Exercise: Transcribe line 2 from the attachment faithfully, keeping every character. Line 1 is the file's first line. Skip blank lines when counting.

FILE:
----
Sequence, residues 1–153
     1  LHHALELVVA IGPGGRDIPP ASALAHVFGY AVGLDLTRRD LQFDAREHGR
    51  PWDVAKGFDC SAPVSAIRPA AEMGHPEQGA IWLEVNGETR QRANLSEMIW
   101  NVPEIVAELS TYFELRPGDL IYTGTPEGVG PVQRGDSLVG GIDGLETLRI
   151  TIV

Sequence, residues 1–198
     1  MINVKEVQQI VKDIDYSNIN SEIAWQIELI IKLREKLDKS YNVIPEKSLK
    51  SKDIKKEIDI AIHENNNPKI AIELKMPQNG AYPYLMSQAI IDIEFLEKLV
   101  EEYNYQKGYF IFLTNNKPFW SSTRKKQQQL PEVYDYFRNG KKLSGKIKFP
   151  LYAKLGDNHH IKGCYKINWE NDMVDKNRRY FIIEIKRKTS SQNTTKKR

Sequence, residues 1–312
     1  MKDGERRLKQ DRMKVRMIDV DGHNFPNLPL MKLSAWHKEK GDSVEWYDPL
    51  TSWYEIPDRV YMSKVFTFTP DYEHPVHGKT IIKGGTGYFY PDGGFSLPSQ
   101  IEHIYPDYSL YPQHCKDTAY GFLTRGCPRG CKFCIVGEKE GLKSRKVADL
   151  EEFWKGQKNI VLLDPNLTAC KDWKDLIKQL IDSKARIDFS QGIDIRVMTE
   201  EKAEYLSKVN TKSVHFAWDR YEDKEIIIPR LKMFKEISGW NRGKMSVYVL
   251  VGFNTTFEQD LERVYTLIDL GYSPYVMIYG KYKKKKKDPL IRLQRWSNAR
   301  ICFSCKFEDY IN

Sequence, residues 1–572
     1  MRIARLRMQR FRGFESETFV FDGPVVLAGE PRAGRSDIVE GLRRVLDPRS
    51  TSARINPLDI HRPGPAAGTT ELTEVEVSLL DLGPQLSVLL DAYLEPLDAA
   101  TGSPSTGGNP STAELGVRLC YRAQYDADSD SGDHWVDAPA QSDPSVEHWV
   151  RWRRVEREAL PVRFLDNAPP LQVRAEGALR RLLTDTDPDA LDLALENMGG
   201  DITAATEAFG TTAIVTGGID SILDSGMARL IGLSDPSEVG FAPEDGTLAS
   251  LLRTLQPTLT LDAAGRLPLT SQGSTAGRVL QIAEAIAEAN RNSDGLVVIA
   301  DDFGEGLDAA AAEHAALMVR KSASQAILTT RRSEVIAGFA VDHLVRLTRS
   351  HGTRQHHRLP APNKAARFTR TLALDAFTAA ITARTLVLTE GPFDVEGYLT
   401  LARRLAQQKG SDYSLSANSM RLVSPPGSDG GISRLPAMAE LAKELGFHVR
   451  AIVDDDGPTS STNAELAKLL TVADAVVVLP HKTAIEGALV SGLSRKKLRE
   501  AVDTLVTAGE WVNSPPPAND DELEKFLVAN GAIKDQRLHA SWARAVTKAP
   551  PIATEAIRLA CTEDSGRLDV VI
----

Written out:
     1  LHHALELVVA IGPGGRDIPP ASALAHVFGY AVGLDLTRRD LQFDAREHGR